Internet users often can change their IE settings (from Tools ->Internet Options). For example, the font settings can be changed to bold. If an application embeds IE, it might be interested in knowing when the font setting has changed, so it can use the new font. This article discusses a method to know when exactly an IE setting has changed. A sample application is provided that monitors changes in IE's multimedia and zone related settings.
When a user changes IE settings, IE sends WM_SETTINGCHANGE to all top-level windows. In order for an application to take advantage of this, it should handle this message. The message merely signifies that a setting has changed. It is up to the application to look at relevant places (Registry, zone manager, and so forth) to know exactly what setting has changed. Here, I have described ways to monitor the following settings in IE. The steps to access the property from menu are shown in Column 2.
|Play Sound||Internet Options -> Advanced|
|Play Video||Internet Options -> Advanced|
|Show Pictures||Internet Options -> Advanced|
|Active Scripting||Internet Options -> Security -> Internet Zone -> Scripting|
|Scripting of Java Applets||Internet Options -> Security -> Internet Zone -> Scripting|
The sample code provided also deals with these settings. The application, on startup, collects their values. Upon receiving WM_SETTINGCHANGE, the application again collects the values and compares whether any setting relevant for it has changed. If such a change has happened, the application throws up a message box with the relevant setting name that has changed.
Play Sound, Play Video, and Show Pictures can be configured as Enable, Disable, or Prompt from the Advanced tab. IE maintains their settings in the Registry under HKCU\Software\Microsoft\Internet Explorer\Main. Applications should look for any change under this path in the Registry to know whether these multimedia settings have changed. The subkeys they use in the Registry are provided below.
|Play Video||Display Inline Videos|
|Show Pictures||Display Inline Images|
The data type used for these subkeys is string. A "yes" indicates the property has been enabled. A "no" indicates the property is disabled.
Users can set the script setting for each of the zones available on the Tools -> Internet Options -> Security tab. The description of zones is beyond the scope of this document. Description on zones can be found at http://www.nwnetworks.com/iezones.htm and http://msdn.microsoft.com/workshop/security/szone/overview/overview.asp. This part of the document discusses monitoring script settings in Internet Zone.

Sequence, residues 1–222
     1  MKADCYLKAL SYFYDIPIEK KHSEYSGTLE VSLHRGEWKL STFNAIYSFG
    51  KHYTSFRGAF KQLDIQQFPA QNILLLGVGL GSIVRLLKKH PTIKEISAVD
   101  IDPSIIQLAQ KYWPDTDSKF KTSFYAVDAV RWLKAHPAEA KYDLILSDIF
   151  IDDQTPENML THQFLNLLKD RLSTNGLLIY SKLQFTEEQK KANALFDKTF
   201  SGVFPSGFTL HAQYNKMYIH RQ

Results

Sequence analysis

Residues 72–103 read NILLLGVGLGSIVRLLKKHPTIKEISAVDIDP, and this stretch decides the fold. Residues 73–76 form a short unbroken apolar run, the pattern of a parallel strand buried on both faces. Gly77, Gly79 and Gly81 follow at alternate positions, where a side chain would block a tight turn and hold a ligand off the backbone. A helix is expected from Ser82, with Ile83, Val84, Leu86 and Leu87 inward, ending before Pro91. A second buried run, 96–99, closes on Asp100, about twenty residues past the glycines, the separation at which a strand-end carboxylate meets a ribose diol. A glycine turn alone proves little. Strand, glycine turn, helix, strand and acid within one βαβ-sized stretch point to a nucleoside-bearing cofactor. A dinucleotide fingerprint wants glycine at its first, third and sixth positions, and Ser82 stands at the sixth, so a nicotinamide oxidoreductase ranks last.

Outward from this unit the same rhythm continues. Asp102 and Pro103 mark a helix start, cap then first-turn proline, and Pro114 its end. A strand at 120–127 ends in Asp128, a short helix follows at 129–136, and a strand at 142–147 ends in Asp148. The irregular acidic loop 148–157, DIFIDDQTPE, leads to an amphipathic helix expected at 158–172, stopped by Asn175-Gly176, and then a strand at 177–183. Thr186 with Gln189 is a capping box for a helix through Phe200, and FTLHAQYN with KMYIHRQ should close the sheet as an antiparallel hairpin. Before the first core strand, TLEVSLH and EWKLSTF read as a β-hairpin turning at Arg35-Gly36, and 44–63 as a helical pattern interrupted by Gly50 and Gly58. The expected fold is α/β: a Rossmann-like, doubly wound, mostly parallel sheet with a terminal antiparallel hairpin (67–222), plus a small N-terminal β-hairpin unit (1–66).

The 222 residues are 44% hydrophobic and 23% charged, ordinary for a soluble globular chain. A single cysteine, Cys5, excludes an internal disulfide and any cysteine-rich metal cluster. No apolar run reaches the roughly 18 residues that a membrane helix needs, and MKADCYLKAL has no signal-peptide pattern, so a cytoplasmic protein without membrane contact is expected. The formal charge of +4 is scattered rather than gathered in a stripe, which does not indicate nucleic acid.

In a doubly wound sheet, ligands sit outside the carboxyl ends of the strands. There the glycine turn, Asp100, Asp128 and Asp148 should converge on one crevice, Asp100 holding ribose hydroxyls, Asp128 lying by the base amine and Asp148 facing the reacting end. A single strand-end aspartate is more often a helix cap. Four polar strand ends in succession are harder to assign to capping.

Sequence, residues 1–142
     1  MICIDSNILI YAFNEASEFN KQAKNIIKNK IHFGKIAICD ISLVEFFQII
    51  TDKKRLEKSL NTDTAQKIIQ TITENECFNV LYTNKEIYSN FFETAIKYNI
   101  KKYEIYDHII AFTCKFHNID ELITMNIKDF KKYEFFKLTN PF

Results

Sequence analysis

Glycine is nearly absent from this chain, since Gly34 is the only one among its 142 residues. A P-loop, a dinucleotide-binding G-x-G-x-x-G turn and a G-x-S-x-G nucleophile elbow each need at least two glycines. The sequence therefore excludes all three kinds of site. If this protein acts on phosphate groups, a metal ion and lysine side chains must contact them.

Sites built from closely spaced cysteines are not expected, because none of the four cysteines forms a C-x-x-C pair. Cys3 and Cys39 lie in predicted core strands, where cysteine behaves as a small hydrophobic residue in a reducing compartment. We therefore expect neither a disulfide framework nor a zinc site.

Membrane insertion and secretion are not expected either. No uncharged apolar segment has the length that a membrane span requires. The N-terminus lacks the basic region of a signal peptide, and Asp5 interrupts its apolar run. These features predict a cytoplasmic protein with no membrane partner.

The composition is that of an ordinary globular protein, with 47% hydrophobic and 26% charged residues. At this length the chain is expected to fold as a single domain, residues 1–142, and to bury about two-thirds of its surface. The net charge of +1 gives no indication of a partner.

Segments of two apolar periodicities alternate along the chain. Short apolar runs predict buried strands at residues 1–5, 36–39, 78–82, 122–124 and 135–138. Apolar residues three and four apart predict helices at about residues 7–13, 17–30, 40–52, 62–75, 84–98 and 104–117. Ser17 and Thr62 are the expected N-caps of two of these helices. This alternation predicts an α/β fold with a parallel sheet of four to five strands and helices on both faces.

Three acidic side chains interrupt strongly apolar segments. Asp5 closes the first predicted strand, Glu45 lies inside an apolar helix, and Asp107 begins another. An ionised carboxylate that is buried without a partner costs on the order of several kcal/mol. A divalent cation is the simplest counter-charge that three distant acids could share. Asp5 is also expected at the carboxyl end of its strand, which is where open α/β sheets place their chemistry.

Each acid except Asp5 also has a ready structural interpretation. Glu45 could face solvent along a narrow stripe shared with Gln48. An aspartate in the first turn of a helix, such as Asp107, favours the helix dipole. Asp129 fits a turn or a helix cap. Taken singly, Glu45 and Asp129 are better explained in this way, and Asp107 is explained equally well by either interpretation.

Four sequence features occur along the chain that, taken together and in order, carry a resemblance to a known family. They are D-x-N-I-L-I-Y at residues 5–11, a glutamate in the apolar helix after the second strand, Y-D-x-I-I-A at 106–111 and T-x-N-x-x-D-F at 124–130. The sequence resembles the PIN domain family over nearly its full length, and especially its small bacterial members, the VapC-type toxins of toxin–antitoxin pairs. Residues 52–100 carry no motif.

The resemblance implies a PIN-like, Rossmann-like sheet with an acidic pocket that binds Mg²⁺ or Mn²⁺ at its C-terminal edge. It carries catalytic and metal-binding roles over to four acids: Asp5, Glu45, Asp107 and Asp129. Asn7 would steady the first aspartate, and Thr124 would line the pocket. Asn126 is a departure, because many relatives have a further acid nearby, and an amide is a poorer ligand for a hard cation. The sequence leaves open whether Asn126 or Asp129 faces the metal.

The Active Scripting and Scripting properties of Java Applets can be set to have the following Action Policies associated with them.
|URLPOLICY_ALLOW||Always allows scripts to be downloaded|
|URLPOLICY_DISALLOW||Always blocks scripts from being downloaded|
|URLPOLICY_QUERY||Prompts the user to know whether the script can be allowed to be downloaded|
Internet Zone Manager
Internet Zone Manager is an object that manages zones. Windows comes with a default URL Zone Manager (available in urlmon.dll). The Zone Manager implements the IInternetZoneManager Interface. An application can use this COM object to know about the Action Policy for the script settings. The GetZoneActionPolicy function can be used to know about the action policy set for URLs in any zone. The usage is as follows.
/* Create the object */ hr = CoCreateInstance(CLSID_InternetZoneManager, NULL, CLSCTX_INPROC_SERVER, IID_IInternetZoneManager, (void**)&pZoneMgr); /* Get the Action Policy for Scripts */ DWORD bytePolicy; size_t iSize = sizeof(bytePolicy); hr = pZoneMgr->GetZoneActionPolicy( URLZONE_INTERNET, URLACTION_SCRIPT_RUN, (BYTE*)&bytePolicy, iSize, URLZONEREG_HKCU);
At startup, the application gets the Action Policy and, upon receiving WM_SETTINGCHANGE, again uses the Zone Manager to know whether the script setting in the zone has changed.
Internet Security Manager
Applications, such as a BHO or one that embeds IE, might need to dynamically determine the zone of the URL visited. Such applications need not monitor for WM_SETTINGCHANGE because they need to know the zone of a URL and action associated with it only when the request for navigation comes in. They can make use of another default COM object, CLSID_InternetSecurityManager, to know the zone under which the URL comes. The usage is as follows.
/*Create Zone Manager */ hr = CoCreateInstance( CLSID_InternetZoneManager, NULL, CLSCTX_INPROC_SERVER, IID_IInternetZoneManager, (void**)&pZoneMgr); /* Create Security Manager */ hr = CoCreateInstance(CLSID_InternetSecurityManager, NULL, CLSCTX_INPROC_SERVER, IID_IInternetSecurityManager, (void**)&pSecurityMgr); /*Know the Zone */ pSecurityMgr->MapUrlToZone( szUrl, &dwZone, 0 ); /* Know the Action Policy */ DWORD bytePolicy; size_t iSize = sizeof(bytePolicy); hr = pZoneMgr->GetZoneActionPolicy( dwZone, URLACTION_SCRIPT_RUN, (BYTE*)&bytePolicy, iSize , URLZONEREG_HKCU);